Principal Donita Moody knew Florida's system for grading schools was getting tougher this year, so she braced herself and hoped St. Petersburg's Westgate Elementary School wouldn't do any worse than the C grade it got last year.
Instead, Westgate's grade shot up from a C to an A — one of only two Pinellas schools with such an improvement, the other being Athenian Academy charter school in Dunedin.
"I was very surprised, I didn't expect that great of a jump," she said.
But most schools in Pinellas County didn't get to celebrate. The new tougher standards meant only eight schools improved their letter grades this year.
A total of 49 Pinellas schools kept the same letter grade as last year.
Plus, 41 dropped a letter grade — and a dozen of those would have plummeted even more if not for a state rule preventing more than a one-grade drop.
For example, three schools that got C grades last year — Belleair Elementary, Campbell Park Elementary and Tyrone Middle School — got D grades this year but would have scored an F without the rule preventing more than a one-grade drop, according to data provided by the school system.
John Hopkins Middle School got a B last year and a C this year, but would have dropped to an F this year without that rule.
Because of tougher FCAT-grading standards that took effect last year, teachers and administrators knew the schools would have to achieve more for the same grade and that some school grades would likely suffer.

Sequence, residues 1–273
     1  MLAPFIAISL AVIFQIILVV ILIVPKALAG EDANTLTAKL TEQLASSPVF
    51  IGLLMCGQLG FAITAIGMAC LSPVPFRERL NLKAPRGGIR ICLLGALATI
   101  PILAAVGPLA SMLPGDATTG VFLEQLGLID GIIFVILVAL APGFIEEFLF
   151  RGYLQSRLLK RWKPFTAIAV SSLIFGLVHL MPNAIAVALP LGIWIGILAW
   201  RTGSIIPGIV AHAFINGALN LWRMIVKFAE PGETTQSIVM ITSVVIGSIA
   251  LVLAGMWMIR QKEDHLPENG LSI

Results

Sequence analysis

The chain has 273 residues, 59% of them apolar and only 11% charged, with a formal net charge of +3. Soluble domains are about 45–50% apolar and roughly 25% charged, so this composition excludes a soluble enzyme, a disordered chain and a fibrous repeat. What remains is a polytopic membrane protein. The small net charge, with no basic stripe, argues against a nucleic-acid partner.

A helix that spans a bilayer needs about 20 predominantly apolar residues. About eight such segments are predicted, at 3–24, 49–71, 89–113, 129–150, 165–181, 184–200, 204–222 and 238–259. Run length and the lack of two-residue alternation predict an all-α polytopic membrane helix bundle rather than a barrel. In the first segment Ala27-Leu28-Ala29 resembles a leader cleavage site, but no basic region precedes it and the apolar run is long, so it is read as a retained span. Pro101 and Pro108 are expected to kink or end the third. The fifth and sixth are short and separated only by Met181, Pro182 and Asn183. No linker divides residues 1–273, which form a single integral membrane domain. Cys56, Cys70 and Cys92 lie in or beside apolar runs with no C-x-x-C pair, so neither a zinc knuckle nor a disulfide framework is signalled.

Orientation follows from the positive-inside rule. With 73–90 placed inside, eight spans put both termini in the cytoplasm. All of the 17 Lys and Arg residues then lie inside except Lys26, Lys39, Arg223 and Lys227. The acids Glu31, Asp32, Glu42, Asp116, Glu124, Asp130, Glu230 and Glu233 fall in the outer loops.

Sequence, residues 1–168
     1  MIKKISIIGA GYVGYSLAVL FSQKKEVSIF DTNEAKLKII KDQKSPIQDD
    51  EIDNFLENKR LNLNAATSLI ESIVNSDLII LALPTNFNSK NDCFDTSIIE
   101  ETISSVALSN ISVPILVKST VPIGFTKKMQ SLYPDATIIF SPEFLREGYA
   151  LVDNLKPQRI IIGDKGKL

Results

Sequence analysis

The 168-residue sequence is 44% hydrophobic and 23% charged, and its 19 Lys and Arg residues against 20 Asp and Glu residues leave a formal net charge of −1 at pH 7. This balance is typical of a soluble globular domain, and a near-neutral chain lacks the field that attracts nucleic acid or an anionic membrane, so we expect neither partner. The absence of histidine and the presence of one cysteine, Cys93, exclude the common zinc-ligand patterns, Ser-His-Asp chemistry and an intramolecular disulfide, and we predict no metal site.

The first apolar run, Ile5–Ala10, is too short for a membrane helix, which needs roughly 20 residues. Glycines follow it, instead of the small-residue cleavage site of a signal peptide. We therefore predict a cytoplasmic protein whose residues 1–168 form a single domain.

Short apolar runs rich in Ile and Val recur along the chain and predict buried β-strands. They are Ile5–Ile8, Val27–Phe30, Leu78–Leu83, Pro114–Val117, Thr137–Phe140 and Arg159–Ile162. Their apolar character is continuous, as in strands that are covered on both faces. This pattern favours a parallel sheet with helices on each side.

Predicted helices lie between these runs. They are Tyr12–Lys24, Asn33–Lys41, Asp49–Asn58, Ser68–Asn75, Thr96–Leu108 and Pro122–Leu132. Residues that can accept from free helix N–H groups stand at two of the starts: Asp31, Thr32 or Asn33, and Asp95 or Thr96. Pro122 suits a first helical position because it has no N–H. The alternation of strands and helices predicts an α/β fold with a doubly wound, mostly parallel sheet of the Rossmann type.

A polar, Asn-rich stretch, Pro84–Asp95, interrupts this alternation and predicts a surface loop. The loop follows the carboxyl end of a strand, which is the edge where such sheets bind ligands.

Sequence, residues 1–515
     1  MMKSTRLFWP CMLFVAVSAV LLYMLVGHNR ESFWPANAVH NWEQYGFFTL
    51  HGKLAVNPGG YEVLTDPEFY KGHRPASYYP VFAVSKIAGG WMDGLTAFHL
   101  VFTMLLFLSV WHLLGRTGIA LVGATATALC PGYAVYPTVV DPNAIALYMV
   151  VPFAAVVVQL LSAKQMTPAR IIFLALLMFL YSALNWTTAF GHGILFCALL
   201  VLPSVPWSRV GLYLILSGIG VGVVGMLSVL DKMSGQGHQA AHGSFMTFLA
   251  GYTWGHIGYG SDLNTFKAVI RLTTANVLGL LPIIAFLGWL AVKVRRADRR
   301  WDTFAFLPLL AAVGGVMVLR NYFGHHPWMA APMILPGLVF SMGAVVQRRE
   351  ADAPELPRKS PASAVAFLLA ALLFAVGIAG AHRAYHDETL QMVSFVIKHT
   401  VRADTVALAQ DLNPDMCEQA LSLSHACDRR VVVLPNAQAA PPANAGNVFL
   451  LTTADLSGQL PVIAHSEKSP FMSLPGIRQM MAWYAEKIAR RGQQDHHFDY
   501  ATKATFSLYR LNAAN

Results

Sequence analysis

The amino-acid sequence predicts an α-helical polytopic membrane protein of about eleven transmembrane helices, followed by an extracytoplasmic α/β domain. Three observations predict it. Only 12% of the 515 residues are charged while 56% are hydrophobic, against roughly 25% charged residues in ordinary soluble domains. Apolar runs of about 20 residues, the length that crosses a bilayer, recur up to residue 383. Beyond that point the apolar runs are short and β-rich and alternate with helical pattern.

"On the whole we knew that we would experience these kinds of changes,'' said Bill Lawrence, Pinellas associate superintendent for teaching and learning.
School Board member Terry Krassner said it was hard to assess what the new grades mean because FCAT has often changed so that it has "always been like comparing apples to oranges." She said she wished every student took the same test for their grade level every year to provide a more consistent assessment.
Lawrence said schools are working to focus "on the delivery of quality instruction to our students and not so much the changes to the formulas." He said teachers and administrators want to form a bond with students and parents that "transcends a single test or letter grade."
There were bright spots in the new grades — 32 A schools from last year got A grades again, in spite of the new standards. On the flip side, two F schools got F grades again.
The grade for the Imagine Charter School in St. Petersburg slid from D to F, less than two months after Pinellas schools superintendent John Stewart warned that continued academic problems could result in closing the school.
"Our school is much greater than that grade," principal Angela Prince said. She said her school uses several measures of performance, and she can see students are benefitting.
"This school has really struggled but I think in the midst of that we've made some major changes and great strides," she said. Asked if the grade was a setback, she said, "Absolutely not … it just feeds the energy to even do better."
Because of the F grade and the school's past academic performance, Lawrence said, it's likely the School Board will discuss the Imagine School soon.